The origin stories of JS and wikis
Monday, December 14, 2015 by Dave Winer

If you want to get an idea of how JavaScript came to be, listen to this great interview with Brendan Eich, the guy who created it. It's fascinating. I learned that we came close to crossing paths in Palo Alto in the 80s, several times. And this hour-long podcast just scratched the surface. There's obviously a lot more to the story than can be covered in an hour interview.

I also spent two days with Ward Cunningham, the inventor of the Wiki, last summer, in Portland. The way he bootstrapped the wiki is very much the same way we bootstrapped blogging, at the same time. Why did we wait until 2015 to spend time together? We could have been helping each other all along.

This makes me think, how can we do better? 

Here we are, the generation that brought networking to the world, but we're so bad at networking on a human scale. Like the shoes of the cobbler's kids. We were so busy creating networks, we forgot to create one for ourselves.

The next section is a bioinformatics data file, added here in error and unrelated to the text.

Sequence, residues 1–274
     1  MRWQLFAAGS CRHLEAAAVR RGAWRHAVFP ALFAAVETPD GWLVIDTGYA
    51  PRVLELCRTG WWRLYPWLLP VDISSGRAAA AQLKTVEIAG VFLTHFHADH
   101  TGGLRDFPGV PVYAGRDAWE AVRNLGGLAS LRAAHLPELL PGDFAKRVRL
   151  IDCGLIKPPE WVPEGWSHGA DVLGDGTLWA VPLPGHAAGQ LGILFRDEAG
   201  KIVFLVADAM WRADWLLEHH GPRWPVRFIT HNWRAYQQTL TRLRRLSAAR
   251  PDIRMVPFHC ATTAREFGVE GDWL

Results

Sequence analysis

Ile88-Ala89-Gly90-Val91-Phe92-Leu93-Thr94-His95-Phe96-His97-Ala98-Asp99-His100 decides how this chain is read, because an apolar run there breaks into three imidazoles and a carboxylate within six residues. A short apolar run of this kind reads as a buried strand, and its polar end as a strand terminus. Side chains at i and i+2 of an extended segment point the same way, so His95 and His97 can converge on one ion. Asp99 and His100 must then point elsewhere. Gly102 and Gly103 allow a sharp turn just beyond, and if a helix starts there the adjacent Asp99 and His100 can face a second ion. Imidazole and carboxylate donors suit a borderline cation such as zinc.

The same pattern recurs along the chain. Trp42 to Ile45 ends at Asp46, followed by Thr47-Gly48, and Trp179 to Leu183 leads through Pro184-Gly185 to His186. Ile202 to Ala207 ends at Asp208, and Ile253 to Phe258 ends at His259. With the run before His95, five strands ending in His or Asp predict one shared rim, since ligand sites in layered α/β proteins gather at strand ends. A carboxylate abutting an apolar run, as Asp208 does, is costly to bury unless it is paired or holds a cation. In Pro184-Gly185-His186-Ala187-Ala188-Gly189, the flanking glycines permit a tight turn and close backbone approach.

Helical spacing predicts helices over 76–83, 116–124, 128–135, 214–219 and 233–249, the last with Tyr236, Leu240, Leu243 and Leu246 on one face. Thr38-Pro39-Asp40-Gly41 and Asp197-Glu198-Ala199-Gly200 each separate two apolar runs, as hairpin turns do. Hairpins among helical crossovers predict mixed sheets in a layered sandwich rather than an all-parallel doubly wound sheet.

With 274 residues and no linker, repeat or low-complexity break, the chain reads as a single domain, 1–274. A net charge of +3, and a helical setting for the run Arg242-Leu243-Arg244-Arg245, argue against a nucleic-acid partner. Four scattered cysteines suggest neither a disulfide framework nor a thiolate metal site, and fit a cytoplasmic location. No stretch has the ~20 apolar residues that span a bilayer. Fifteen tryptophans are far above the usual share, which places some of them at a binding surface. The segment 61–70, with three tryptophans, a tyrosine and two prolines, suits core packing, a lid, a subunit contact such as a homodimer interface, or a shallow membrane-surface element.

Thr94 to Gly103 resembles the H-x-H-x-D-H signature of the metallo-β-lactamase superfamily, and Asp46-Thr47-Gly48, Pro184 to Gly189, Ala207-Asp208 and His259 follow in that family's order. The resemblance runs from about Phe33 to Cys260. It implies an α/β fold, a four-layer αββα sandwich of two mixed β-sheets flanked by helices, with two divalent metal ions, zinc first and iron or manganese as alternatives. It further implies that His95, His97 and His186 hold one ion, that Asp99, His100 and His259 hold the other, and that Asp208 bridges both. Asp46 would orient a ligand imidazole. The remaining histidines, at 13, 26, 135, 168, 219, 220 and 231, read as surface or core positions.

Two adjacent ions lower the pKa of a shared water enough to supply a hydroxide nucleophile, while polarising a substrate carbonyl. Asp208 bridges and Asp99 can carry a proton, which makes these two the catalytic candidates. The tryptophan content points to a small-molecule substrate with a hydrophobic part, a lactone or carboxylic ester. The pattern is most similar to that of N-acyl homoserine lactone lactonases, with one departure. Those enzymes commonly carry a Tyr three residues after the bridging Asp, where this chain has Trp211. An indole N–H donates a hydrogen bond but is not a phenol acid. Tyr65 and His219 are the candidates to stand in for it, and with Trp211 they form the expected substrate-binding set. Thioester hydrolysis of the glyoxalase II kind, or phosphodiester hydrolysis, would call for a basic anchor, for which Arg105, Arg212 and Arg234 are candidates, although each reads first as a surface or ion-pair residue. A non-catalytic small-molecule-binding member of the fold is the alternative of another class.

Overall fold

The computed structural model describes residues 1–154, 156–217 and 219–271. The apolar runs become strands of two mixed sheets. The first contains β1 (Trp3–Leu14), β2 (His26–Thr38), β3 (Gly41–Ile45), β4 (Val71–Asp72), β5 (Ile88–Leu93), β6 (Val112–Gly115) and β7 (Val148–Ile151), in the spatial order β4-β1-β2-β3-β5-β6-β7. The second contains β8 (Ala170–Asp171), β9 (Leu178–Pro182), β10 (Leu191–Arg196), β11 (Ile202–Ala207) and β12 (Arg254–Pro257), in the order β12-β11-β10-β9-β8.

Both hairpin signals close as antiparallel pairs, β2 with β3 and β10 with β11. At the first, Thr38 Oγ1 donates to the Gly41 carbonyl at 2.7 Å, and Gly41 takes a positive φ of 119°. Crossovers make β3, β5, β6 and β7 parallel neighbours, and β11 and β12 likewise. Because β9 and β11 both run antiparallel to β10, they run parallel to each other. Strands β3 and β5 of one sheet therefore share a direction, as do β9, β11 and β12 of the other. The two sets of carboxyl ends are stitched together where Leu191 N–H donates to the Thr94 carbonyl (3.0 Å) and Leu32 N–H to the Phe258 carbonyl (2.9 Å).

The problem may be with the gatekeepers. Or the art is still too young to have the institutions that are needed to connect people. One thing was really impressive was how much the younger people who were interviewing Eich were soaking it up. And why not! Technology comes in layers. We're still using the layers that were created in the 70s, 80s and 90s, even though it's buried under the interfaces of the 00s and 10s. And the human embodiment of those layers, people like Cunningham and Eich, are still alive and kicking and creating new stuff.

Neither of them are famous for making billions, so the press doesn't pay much attention. But great art and money don't always mix. JavaScript, no matter what you think about it, is hugely influential, as are wikis. And the ideas that went into their creation are universal. Creative developers will be learning from their work for generations to come.

I think perhaps we need to start with something like Inside the Actors Studio. One-on-one interviews with the key creative people who built today's networking world. And while we're at it, let's have some Actors Studios too!